In these COVID-times and now that the UK has left the EU, why does any of this matter?  For one thing, we have a Government that has tried its best to avoid doing unpopular things until the consequences of it not doing so would have been even more dire than they have.  This confirms politicians tendency always to seek popularity.  Most important though, are the current UK Government’s plans for constitutional reform which are written into their 2019 manifesto; a ‘Constitution, Democracy and Rights Commission’ will “come up with proposals to restore trust in our institutions and in how our democracy operates”.  The member of the Cabinet with responsibility for this process is the Lord Chancellor and Secretary of State for Justice, who has so far focused efforts upon two areas for independent review; Administrative Law and the Human Rights Act.  Neither review has progressed far yet, but the choice of these two aspects of the Commission’s work is revealing because the 2019 manifesto makes clear a need to clarify the roles of Parliament, the Judiciary and Government in the UK’s democracy.  Less clear, but stated, is the desire to prevent Government being frustrated in its work by Parliament or the Judiciary.  Both of these points are directed at two pillars of the UK’s democracy, representation of ‘the people’ by the House of Commons, a vital part of Parliament, and the Rule of Law.  We have a Government that seems intent upon preventing its work being frustrated by these two pillars.  They will claim a mandate to act upon both because ‘the people’ voted for their manifesto.  This should worry us all as the Government is actually unelected but formed by the winner of an election, most often with a minority of the eligible electorate deciding the victor.  It is quite telling that the Conservative’s 2019 manifesto declares on-going support for that method of deciding a General Election, effectively excluding it from the scope of the proposed Commission’s inquiry.  

A key role of Parliament, beginning in the House of Commons, is to ensure that any Government can demonstrate that the policies it wishes to implement are in the best interests of its citizens.  Therefore, it is Parliament where representation of all of the people should be  assured.   UK citizens everywhere should have their interests represented in Parliament and until the Government prioritises its manifesto commitment to extend voting rights to all non-resident citizens, there will be many disenfranchised.  Any Government that fails to act to include as many of its citizens as possible in democracy or aims to restrict the role of elected representatives in deciding what is best for the nation, is acting against democracy.  It is possible that the work of the Constitution, Democracy and Rights Commission will remind or inform Members of Parliament what their role in the UK’s democracy is – so far many of them seem to have forgotten or not know that they represent all of their constituents, not just those who voted for them, and that they have no democratic duty to their party.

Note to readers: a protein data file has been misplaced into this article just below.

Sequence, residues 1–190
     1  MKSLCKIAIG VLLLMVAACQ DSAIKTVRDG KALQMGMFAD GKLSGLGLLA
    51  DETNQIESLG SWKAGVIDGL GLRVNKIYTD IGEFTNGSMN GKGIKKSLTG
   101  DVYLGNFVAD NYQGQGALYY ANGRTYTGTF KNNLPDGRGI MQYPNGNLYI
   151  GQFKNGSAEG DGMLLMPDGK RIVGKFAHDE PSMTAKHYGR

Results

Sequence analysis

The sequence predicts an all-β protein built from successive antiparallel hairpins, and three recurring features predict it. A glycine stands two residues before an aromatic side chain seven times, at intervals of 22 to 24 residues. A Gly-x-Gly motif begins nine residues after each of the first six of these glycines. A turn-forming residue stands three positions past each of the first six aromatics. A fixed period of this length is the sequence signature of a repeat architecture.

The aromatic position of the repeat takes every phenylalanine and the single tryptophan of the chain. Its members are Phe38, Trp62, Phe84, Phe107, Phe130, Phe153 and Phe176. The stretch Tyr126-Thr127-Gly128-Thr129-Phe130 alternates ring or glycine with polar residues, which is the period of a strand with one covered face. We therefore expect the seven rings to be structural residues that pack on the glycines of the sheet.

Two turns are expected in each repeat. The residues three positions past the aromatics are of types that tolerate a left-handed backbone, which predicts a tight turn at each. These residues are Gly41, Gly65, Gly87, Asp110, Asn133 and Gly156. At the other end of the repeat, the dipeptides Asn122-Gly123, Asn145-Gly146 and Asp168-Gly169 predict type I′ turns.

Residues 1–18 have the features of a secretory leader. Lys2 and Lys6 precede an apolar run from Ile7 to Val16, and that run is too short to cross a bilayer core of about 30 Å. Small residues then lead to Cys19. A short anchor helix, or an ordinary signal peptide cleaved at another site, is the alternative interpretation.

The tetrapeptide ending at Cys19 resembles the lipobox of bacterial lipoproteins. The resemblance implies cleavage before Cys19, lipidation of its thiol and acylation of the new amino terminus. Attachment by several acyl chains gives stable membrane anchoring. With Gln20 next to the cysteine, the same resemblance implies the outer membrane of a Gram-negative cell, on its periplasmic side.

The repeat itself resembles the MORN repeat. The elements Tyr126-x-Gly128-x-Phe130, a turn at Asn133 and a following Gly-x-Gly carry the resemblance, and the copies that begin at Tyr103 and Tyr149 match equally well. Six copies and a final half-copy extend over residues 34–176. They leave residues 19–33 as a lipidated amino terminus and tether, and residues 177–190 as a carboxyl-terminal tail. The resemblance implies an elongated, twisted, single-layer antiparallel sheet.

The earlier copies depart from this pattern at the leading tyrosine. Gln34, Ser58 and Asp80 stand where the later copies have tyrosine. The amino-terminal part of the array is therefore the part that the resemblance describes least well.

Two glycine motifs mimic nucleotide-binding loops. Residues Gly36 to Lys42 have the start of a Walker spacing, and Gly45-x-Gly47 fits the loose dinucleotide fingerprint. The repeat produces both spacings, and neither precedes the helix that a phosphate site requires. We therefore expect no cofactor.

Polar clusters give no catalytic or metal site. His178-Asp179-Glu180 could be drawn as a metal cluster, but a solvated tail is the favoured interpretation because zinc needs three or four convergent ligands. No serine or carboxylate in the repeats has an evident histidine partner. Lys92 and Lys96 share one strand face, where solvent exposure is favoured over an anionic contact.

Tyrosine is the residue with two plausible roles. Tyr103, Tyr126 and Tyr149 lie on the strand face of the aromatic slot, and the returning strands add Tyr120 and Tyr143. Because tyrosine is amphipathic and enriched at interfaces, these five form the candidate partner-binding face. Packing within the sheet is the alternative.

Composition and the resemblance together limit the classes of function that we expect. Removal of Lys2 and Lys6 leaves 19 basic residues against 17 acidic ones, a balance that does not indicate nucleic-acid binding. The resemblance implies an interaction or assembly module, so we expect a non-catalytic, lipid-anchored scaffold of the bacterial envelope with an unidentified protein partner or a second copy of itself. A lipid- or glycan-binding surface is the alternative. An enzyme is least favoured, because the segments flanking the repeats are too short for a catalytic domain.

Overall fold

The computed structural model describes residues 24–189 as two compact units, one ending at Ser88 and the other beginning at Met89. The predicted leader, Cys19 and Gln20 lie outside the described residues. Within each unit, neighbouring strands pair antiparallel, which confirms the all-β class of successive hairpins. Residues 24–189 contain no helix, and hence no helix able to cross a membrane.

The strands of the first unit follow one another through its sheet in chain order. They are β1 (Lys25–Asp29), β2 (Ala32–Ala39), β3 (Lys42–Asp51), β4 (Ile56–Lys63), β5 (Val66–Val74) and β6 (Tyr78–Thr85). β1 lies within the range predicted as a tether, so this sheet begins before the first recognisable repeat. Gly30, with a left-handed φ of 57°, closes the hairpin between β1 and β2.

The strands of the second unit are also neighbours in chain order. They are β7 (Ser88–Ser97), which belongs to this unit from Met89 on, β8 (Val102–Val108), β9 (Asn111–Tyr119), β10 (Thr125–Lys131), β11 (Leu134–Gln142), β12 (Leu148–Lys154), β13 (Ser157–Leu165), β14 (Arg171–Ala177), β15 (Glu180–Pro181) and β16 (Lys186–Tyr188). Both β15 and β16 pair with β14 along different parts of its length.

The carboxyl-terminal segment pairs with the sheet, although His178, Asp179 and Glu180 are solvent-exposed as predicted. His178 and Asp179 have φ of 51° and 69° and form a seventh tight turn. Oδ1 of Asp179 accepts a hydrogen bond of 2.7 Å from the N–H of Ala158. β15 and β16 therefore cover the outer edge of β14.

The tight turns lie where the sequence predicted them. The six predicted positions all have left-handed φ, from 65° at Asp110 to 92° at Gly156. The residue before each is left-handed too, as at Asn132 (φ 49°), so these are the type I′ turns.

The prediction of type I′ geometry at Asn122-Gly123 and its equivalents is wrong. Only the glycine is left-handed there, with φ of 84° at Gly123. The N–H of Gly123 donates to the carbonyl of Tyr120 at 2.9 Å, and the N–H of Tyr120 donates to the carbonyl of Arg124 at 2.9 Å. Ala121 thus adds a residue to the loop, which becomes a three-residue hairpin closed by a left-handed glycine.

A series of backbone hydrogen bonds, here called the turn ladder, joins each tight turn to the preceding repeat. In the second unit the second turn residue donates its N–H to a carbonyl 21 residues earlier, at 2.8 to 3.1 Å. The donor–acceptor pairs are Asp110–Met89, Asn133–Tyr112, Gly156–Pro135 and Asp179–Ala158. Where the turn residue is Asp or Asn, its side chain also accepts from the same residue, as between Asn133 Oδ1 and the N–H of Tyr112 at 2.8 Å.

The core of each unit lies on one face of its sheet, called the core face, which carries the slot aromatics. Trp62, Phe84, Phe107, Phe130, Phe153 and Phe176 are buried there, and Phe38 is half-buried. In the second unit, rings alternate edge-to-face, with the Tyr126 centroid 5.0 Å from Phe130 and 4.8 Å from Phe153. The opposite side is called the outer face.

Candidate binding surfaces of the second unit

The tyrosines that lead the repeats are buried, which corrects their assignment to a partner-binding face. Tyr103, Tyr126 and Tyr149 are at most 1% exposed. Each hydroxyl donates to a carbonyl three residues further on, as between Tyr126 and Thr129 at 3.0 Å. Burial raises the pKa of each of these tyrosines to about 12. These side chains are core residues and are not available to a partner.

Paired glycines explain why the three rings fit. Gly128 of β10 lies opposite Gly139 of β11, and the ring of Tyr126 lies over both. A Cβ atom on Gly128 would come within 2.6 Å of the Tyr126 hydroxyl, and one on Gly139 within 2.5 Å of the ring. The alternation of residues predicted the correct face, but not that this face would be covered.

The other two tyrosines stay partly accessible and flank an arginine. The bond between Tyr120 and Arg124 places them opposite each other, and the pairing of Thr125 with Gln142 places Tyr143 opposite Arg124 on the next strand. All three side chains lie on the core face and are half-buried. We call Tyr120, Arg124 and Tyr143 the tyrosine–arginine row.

As we know from recent events in the USA, it is the Rule of Law and the role of Congress that has prevented a President from undermining representative democracy in that country.  We must all hope that the current UK Government don’t succeed in undermining the Rule of Law or role of Parliament in the UK before our next General Election.  If they were to do that with the partisan help of many of our elected MPs, serving themselves rather than their constituents, a final nail will have been hammered into the coffin of representative democracy in the United Kingdom.

In closing, I will return to the subjects of extending the franchise and popularity.  Page 48 of the Conservative’s 2019 manifesto contains the words : “We will make it easier for British expats to vote in Parliamentary elections, and get rid of the arbitrary 15-year limit on their voting rights.”  It is notable that this subject is not one that has been targeted early in the work of the Constitution, Democracy and Rights Commission (also mentioned on page 48), even though it would seem to be an easy win – extending the franchise must ‘increase’ democracy, giving more UK citizens a say in key decisions affecting their lives.  Why then is the Government not putting this manifesto commitment into parliamentary business as quickly as possible?  It is a subject that directly affects an estimated four and a half million British nationals abroad, all of whom are affected to some extent by policies of their Government and decisions of the UK Parliament.  It may have been a vote winner to include this commitment in the manifesto of 2019.  However, moving to implement it before the next election may not be in the interest of the Government – after all they may still not be popular amongst large numbers of new (or returning) voters and giving the impression of being popular seems to be more important than representation of more of the people.  Could anyone imagine Trump trying to restrict the eligibility of US citizens abroad to make absentee votes or Biden trying to exclude them from the people he has promised to represent? 

Representative Democracy or “The Will of the People”? Who decides?

There is an interesting section in the 2019 Conservative Party general election manifesto, it begins on page 47 with a heading and a couple of worthy paragraphs:

Section Heading from page 47 of the Conservatives 2019 Manifesto

Subsequent text goes on to explain the kind of things that will be reviewed or done to ‘evolve’ the UK’s constitution. It will be interesting to see in what order these things will happen to ensure that the evolution results in a creature better adapted for the political world. Before the constitution evolves, it would, perhaps, be good to consider whether it is poorly adapted or doomed to extinction due to predatory action.